Lawmakers Fear Trump's Making Coronavirus Worse

The president doesn't seem to have any idea how much to spend fighting the virus.
February 27, 2020, 3:40pm
U.S. President Donald Trump, flanked by Health and Human Services Secretary Alex Azar (R), U.S. Vice President Mike Pence (L) and CDC Principal Deputy Director Anne Schuchat, holds a news conference with members of the Centers for Disease Control and Prev

After three days of tumbling stocks, a steady stream of negative news stories, and withering criticism from lawmakers of all stripes, President Trump took to TV screens Wednesday to defend his administration’s response to the coronavirus.

He then placed Vice President Mike Pence in charge, which appeared to be news to Health and Human Services Secretary Alexander Azar.

The administration has asked for only $2.5 billion in emergency funding, which the president said is “a lot” in the high-profile press conference at the White House. Then he jumped in front of GOP leaders at the Capitol by basically agreeing to Senate Minority Leader Chuck Schumer’s new call to allocate $8.5 billion to combat the virus.

“We’ll take it. We’ll take it,” Trump told reporters. He then pivoted into the unscripted question-and-answer portion and called Schumer “Crying Chuck Schumer” before he accused House Speaker Nancy Pelosi of “trying to create a panic.”

But lawmakers in both parties accuse Trump — and many of the seven officials who flanked him during the presser — of causing the panic because of the numerous conflicting messages that have come from the president, his Cabinet and public health officials.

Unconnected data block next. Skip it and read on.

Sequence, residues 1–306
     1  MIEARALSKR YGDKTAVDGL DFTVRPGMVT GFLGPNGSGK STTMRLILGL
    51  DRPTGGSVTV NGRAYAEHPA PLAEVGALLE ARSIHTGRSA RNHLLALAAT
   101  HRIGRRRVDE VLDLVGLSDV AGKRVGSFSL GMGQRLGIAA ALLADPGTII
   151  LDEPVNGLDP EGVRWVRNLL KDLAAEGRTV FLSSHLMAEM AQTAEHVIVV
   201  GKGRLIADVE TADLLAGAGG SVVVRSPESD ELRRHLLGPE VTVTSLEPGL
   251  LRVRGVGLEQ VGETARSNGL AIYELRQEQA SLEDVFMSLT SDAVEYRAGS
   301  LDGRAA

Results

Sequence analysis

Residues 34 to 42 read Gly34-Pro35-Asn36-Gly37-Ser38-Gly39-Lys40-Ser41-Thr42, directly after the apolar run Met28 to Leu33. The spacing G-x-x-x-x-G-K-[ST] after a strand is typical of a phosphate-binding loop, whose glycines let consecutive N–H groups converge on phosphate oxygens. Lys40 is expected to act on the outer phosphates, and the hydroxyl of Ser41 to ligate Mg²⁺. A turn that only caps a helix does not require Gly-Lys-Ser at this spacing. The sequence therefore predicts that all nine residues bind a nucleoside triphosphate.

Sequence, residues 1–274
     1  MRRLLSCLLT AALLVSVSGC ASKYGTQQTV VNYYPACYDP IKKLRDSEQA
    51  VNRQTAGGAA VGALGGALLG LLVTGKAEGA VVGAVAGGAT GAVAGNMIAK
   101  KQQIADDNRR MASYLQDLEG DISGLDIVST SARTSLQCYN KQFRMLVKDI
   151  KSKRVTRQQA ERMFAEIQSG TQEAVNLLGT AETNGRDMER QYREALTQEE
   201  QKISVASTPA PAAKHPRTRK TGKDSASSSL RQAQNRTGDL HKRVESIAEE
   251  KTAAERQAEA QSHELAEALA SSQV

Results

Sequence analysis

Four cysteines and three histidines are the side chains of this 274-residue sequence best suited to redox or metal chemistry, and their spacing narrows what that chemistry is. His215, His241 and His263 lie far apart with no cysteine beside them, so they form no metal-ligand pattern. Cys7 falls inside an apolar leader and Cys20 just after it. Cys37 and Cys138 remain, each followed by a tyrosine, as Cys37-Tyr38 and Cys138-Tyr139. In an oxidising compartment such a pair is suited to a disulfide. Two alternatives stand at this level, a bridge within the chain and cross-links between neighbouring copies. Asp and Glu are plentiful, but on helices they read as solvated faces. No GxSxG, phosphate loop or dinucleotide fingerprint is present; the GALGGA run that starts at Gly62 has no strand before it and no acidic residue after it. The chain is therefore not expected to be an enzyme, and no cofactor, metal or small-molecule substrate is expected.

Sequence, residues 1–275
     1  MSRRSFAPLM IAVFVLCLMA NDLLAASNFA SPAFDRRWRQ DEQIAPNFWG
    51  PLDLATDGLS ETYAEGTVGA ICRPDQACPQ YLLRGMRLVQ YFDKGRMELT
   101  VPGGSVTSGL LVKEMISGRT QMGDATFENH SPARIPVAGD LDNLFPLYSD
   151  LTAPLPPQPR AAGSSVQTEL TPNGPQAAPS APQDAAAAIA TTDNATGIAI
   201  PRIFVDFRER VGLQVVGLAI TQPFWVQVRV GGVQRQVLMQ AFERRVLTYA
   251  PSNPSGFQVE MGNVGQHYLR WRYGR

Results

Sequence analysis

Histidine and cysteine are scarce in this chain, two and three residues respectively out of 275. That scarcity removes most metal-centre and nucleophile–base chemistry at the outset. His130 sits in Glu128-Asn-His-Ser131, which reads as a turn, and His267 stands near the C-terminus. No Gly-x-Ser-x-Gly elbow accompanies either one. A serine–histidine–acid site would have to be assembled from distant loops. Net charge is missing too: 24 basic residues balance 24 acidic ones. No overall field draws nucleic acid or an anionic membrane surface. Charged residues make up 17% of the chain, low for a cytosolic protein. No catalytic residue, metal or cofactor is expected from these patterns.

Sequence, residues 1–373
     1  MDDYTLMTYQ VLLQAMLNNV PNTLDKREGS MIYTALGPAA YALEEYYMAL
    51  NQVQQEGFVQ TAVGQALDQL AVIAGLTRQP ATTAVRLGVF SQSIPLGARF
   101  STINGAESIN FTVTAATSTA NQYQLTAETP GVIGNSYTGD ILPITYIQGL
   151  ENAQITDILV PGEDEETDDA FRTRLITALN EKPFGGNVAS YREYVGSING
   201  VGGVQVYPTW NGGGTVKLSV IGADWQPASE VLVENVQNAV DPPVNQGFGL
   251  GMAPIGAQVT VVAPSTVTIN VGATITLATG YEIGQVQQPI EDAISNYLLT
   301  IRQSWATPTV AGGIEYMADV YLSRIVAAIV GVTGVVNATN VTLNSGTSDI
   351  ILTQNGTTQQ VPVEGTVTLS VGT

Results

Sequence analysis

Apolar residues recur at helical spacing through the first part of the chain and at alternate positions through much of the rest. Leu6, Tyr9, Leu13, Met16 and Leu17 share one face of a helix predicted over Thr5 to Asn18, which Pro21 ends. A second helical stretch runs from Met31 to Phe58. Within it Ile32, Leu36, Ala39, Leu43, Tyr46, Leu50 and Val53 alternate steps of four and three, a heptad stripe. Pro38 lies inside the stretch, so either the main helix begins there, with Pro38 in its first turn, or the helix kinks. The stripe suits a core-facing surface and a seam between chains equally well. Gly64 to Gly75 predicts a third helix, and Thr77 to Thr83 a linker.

“You just have to wonder: Does the right hand know what the left hand is doing? Are they in sync from the White House to his Cabinet secretaries?” Rep. Cheri Bustos (D-Ill.) told VICE News while walking on the Capitol grounds. “I question – based on all of the different information that's coming from all over the place – whether they know what's going on.”

Many Republican lawmakers have been annoyed, to say the least, by the administration’s response thus far, including veteran members of the GOP who don’t like the administration’s plan to raid unused Ebola funds.

“Ebola long term is a real threat. And it's a much more dangerous disease.”

“Ebola long term is a real threat. And it's a much more dangerous disease, from everything we know, than coronavirus is. The death rates are much higher. I don't think we should disrupt [that funding],” Rep. Tom Cole (R-Okla.), a senior member of the House Appropriations Committee, told VICE News outside the coronavirus hearing. “We need emergency funds now [for coronavirus]. Let’s vote on the emergency funds, the same way we would with any other natural disaster.”

The hearing came another related one earlier in the week where Chad Wolf, the acting head of DHS, which has been tasked with coordinating the federal response to the virus, faced a rare public rebuke from Sen. John Kennedy (R-Louisiana). After Wolf told the senator he didn’t know how many Americans coming back from cruise ships have the virus, the senator grew indignant.